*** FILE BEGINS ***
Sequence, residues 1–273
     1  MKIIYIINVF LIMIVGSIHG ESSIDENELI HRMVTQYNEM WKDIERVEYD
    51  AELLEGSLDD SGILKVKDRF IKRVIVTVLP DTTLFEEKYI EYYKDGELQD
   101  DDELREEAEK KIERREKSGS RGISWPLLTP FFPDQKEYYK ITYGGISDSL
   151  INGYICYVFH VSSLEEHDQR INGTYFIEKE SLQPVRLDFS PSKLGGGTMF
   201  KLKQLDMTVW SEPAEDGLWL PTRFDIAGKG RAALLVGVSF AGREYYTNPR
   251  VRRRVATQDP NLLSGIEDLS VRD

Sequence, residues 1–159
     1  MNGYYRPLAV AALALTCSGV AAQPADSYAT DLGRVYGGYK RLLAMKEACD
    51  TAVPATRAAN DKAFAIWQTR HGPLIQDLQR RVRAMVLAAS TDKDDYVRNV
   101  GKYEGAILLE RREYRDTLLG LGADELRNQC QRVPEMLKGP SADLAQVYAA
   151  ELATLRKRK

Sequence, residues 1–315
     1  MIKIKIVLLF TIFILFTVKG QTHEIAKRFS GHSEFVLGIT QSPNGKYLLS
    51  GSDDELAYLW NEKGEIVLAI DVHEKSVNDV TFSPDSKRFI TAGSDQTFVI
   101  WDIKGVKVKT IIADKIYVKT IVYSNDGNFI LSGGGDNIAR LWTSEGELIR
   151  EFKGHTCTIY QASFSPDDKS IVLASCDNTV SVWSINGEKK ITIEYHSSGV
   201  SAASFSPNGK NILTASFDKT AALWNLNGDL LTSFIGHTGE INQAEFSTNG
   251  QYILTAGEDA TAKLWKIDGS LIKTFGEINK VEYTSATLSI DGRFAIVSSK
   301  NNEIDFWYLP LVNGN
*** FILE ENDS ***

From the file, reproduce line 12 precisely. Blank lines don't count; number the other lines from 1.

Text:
   151  ELATLRKRK